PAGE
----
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Southern Command’s Troops, Leaders Praise Outgoing Chairman

By Linda D. Kozaryn
American Forces Press Service

MIAMI, Sept. 14, 2007 – About 1,200 troops, family members and civilian employees of U.S. Southern Command came out here today here to bid farewell to their former commander.

Click photo for screen-resolution image
Members of U.S. Southern Command bid farewell to Chairman of the Joint Chiefs of Staff Marine Gen. Peter Pace at the command headquarters in Miami, Fla., Sept. 14, 2007. U.S. Army photo by Sgt. Mitch Miller

(Click photo for screen-resolution image);high-resolution image available.

From the top to the bottom of the chain of command, the troops praised Marine Gen. Peter Pace, chairman of the Joint Chiefs of Staff, who retires at the end of the month.

Pace spent a year as the head of Southern Command, leaving in 2001 to become vice chairman of the Joint Chiefs. Four years later, he became the first Marine to serve as chairman. He chose to visit his former command here as a “bookend” to his 40-year military career before turning over the chairmanship Oct. 1 to Navy Adm. Michael G. Mullen, now the chief of naval operations.

Navy Adm. James Stavridis, Southern Command’s current leader, introduced the chairman saying, “No one has had more impact on the military of the United States in this new 21st century than Pete Pace.”

As is his custom, Pace stepped off the podium to be eye-to-eye with the troops. Thanking the admiral for the “incredible” introduction, Pace joked that “if I had more time on active duty I’d try to live up to it.”

Pace stressed the importance of Southern Command’s mission, praising the command’s efforts to reach out and partner with countries in the region. “What you do from here is vital to the health of your nation and I want to thank you for that,” he said.

He also thanked the troops’ family members and reminded servicemembers to do the same and often. “Our families serve this nation as well as anyone who has ever worn the uniform,” he said, “and we owe them a great debt of gratitude because they are the hidden strength of our services.”

Southern Command’s role will be even more important in the future, Pace noted. “We show who we are when there are natural disasters and this command responds with helicopters, ships, supplies and whatever it takes,” he said.

“As democracy in this region ebbs and flows, the constant of the U.S. military interaction – being ready to help, reaching out when we can – will continue to have the impact it has over time,” he said.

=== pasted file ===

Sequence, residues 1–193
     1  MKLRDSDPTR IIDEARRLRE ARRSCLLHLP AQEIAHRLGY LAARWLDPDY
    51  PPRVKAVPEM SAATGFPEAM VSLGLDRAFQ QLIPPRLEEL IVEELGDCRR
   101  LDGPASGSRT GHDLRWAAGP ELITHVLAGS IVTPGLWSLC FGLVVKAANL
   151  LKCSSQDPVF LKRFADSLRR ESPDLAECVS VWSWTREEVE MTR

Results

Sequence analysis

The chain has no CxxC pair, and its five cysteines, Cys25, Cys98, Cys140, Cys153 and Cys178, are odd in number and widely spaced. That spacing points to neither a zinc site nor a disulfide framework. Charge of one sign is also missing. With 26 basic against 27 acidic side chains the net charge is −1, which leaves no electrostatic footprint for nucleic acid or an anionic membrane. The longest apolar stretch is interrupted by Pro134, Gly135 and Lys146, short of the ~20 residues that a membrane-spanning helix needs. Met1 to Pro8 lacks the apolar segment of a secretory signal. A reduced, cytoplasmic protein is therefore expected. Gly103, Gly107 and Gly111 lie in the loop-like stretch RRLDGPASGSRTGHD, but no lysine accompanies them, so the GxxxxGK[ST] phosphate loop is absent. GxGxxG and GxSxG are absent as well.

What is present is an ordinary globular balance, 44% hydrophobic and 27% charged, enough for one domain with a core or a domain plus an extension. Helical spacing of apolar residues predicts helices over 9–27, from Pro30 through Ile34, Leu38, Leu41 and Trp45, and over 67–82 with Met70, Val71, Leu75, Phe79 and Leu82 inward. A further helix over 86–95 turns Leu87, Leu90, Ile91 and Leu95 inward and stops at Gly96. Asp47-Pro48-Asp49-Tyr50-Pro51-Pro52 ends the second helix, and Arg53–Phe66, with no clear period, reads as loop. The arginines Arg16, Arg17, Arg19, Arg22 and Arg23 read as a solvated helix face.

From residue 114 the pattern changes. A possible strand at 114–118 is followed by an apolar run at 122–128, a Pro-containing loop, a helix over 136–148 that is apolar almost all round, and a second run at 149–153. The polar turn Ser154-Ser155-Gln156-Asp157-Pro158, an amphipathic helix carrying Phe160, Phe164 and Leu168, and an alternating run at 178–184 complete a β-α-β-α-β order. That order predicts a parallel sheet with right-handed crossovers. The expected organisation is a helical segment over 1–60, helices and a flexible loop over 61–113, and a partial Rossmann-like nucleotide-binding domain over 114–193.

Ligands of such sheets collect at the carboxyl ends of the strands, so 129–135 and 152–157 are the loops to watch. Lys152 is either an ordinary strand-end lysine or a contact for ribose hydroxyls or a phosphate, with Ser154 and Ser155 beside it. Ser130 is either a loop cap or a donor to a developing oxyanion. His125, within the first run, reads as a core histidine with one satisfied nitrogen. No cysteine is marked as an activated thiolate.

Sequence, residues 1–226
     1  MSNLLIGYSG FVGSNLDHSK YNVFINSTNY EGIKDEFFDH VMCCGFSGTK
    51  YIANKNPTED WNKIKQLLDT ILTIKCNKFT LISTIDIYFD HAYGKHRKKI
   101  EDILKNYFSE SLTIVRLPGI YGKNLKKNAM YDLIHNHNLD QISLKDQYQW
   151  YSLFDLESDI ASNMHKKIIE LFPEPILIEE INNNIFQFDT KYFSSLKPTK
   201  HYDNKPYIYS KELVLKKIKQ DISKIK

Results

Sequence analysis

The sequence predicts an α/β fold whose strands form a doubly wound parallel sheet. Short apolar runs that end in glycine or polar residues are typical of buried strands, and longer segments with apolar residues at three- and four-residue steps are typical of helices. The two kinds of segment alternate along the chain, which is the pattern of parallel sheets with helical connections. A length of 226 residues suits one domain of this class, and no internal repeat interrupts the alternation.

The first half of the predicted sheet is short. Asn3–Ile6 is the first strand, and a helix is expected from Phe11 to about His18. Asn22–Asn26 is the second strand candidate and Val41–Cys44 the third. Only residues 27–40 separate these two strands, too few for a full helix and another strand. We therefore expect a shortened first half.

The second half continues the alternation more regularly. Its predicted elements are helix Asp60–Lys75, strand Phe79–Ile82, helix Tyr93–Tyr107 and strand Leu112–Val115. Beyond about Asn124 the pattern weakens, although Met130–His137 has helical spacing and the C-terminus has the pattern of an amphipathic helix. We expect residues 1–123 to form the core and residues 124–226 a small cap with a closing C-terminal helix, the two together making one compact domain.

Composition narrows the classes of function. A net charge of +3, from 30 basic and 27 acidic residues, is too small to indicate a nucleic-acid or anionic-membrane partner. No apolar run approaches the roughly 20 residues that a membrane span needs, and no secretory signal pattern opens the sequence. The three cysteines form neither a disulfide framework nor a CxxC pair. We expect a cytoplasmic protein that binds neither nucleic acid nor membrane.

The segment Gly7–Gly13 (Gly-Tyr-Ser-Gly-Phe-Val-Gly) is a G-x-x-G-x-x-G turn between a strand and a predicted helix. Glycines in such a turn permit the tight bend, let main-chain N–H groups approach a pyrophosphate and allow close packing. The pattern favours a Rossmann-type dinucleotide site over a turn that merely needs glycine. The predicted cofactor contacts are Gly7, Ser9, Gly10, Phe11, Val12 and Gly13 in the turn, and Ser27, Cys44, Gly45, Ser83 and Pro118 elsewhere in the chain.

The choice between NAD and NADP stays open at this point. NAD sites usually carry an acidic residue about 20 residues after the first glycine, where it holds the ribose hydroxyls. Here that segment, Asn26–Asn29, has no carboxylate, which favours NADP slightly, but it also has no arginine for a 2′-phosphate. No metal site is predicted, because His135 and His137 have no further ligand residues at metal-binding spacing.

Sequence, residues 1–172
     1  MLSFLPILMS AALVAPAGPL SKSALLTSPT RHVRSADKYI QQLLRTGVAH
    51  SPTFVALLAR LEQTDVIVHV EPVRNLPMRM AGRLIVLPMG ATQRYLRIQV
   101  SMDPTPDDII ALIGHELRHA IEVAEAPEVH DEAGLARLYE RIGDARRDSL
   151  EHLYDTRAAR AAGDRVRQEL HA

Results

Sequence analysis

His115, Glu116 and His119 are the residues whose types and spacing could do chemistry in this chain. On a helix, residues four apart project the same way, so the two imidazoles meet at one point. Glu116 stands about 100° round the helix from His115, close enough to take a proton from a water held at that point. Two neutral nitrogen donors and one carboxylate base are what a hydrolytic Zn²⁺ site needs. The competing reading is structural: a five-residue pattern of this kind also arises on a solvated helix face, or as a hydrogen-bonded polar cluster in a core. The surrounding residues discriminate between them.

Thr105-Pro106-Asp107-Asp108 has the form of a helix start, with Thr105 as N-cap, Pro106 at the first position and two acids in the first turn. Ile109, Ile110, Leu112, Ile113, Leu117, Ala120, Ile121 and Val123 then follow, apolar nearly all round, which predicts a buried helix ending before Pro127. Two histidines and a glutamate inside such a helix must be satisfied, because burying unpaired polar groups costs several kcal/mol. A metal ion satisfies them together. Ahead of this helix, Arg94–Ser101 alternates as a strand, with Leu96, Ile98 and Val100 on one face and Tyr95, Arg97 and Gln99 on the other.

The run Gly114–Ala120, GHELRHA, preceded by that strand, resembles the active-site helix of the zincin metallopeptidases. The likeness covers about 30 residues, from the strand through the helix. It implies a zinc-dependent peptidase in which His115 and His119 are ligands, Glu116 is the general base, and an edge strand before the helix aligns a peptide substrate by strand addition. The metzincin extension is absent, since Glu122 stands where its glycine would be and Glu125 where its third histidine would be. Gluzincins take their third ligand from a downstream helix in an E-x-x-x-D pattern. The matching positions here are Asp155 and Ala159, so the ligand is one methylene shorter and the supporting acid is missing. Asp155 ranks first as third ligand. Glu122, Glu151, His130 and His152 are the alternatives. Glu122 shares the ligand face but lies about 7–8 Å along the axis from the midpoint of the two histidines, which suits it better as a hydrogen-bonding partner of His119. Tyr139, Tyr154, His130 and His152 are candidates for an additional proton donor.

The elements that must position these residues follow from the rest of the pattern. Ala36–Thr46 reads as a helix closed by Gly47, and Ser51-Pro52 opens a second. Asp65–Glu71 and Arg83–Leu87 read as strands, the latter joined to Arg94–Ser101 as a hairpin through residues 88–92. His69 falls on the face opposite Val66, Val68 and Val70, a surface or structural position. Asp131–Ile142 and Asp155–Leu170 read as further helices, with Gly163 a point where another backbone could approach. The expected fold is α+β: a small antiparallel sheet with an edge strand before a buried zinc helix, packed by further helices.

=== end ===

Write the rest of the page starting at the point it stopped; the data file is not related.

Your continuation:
As Pace shook hands with members of the SOUTHCOM community, the current commander and others talked with American Forces Press Service about the chairman’s legacy for the command and the military.

Stavridis noted that in 2000, Pace helped put together “Plan Colombia,” which “helped bring Colombia from being on the verge of a failed state to a highly successful anchor for democracy in South America today.

“Yesterday, the Colombian military turned out an enormous parade to honor our chairman, our former commander,” Stavridis continued. “The speeches that were made about him by the Colombian military were extraordinary. They personified things we’re all trying to do here at SOUTHCOM to reach out to this region, to make it a better place, to be part of what is positive about the Americas.”

The admiral also paid high tribute to the chairman as a military leader and role model.

“The thing that is absolutely unquestioned about Pete Pace is his honesty, integrity and his constant ability to speak truth to power,” Stavridis said. “In that regard he is a role model for every officer and every enlisted person who wears a uniform as well as every civilian in the Department of Defense. He is an idol to us all.”

Army Command Sgt. Maj. Michael Balch, who’s been on active duty for 32 years, noted that Pace has a great understanding of the importance of every servicemember.

“When you grow up in the environment that General Pace grew up in, a platoon in Vietnam,” Balch said, “you rely on your buddy on your left and your right to have your back. You rely on that young private first class to take on his role in combat and in peace to do what he needs to do. That’s what’s so great about our institution -- they’re there, and they’re ready to do that.”

“It’s wonderful that the chairman has a great appreciation for people,” Balch continued. “He’s standing here in SOUTHCOM today shaking hands with the entire combatant command of over 1,200 people one at a time. It just shows you how much of a people person our chairman is. We’re really going to miss his connection with all of the people in our force.”

Marine Sgt. Robert Boyd, who’s been on active duty for eight years, said when it comes to leadership there’s no comparison to the first Marine to become chairman of the Joint Chiefs of Staff.

“That’s someone you want to strive to be like,” Boyd said. “When you’re wondering why you’re still at work at 9 or 10 at night, and you look up there at the Pentagon and you see him – I wouldn’t want to be like anyone else.

“At the end of the day, he’s a Marine,” Boyd stressed. “He’s not afraid to roll up his sleeves and say, ‘Hey, if we have to go to Iraq, we have to go to Iraq.’ He’s a motivator. He’s the prime example of a leader. Outside of being chairman, outside of being in the news all the time, I know if we’re out there in a fighting hole together, he’d be the one I’d want to lead me.”

Contact Author

Gen. Peter Pace, USMC
Adm. James Stavridis, USN

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